March, 2014

Opportunities for Spiritual Growth in Lent

Thursday Mornings: For many, the Season of Lent is a period of healing - - spiritually, emotionally, relationally and physically. The Sacrament of Healing is offered as a part of the Eucharist at 10:00 am. It involves the Laying on of Hands and anointing with Holy Oil of Unction.

Sunday Eucharist’s in Lent: The Prayerbook gives many liturgical observances that are especially appropriate for Lent. Each Sunday in Lent we will be Rite I. Sunday Morning Education – (see education section of this newsletter)

Sunday Evening – simple bread and soup supper with study (see education section of this newsletter)

Wednesday Evening Bible Study – (see education section of this newsletter)

Fridays in Lent - Stations of the Cross: 'Station' is any place in the church where, during a solemn procession, there is pause for a prayer. During Lent there is a practice in which fourteen 'stations' are visited in turn, with a pause for a reading, a versicle and response, a prayer, and a time for meditation. In this case, the 'stations' are fourteen pictures depicting incidents in the narrative of Christ's passion, from Pilate's house to the entombment. These pictures will be placed around the church for Lent and on Fridays ‘Station’ booklets will be placed in the back of the church. These booklets will lead the participant through each station in a meditative way. Please call the parish office if you wish to experience this tradition.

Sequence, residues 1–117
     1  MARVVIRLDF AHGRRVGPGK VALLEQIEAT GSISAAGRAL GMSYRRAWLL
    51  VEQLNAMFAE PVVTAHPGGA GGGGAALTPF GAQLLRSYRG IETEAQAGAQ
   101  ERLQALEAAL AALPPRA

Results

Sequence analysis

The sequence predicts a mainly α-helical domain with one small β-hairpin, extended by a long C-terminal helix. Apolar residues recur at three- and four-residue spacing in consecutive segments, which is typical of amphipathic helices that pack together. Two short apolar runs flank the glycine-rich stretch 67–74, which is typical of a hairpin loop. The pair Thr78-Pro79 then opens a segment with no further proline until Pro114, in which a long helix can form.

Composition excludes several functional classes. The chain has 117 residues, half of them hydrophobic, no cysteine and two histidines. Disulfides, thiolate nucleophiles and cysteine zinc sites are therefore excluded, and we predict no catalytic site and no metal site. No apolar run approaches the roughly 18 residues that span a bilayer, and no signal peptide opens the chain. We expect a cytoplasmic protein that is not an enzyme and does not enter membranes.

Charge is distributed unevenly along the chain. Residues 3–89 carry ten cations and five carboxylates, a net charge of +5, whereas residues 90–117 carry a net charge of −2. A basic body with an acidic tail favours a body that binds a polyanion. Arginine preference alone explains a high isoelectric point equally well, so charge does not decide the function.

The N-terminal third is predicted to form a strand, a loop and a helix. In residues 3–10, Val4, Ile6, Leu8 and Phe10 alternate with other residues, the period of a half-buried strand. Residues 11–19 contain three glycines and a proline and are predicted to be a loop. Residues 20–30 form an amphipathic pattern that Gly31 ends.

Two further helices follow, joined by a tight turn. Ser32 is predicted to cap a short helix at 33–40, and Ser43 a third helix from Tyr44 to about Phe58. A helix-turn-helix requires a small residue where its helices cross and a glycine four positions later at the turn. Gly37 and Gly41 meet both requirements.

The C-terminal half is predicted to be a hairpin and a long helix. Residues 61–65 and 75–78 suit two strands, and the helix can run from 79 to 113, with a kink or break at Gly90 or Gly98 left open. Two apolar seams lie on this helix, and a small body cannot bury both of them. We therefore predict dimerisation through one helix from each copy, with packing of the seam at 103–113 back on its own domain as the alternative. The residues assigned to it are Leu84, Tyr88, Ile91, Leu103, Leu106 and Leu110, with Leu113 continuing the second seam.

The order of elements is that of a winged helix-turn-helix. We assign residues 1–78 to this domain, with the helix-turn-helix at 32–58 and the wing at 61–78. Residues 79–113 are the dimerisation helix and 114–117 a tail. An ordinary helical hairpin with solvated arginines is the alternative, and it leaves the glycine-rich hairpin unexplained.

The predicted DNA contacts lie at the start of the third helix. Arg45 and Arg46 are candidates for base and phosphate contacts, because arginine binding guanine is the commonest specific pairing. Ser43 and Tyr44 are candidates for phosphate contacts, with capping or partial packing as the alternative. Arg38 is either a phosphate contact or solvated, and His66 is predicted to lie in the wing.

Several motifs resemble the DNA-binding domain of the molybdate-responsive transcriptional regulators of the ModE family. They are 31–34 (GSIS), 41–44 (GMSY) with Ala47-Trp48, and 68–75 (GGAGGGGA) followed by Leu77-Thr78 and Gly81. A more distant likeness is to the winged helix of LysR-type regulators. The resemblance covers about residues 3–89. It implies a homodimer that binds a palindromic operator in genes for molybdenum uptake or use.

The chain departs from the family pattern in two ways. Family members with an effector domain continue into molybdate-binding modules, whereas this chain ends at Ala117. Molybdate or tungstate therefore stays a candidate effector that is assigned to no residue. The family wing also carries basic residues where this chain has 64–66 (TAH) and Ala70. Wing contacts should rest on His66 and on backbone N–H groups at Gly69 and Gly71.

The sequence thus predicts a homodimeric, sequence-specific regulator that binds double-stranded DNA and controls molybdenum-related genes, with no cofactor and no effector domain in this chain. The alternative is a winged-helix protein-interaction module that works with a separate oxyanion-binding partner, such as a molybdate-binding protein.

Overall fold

Throughout the Week – Walking the Labyrinth (providing the snow melts!) (see description in Begley Hall)

Lent affords us a good opportunity to explore areas of our liturgical tradition that not widely used in our church.

Making a confession in preparation for Easter is a long-standing tradition for many in the Church. This is an individual confession to a priest. The service of Reconciliation of a Penitent in the Book of Common Prayer provides an excellent form for personal self- examination, confession and reception of God's forgiveness. If anyone is interested in participating in this rite as we move toward Easter, please feel free to contact the parish clergy. A short brochure describing this sacrament can be found in the parish Nave Extension.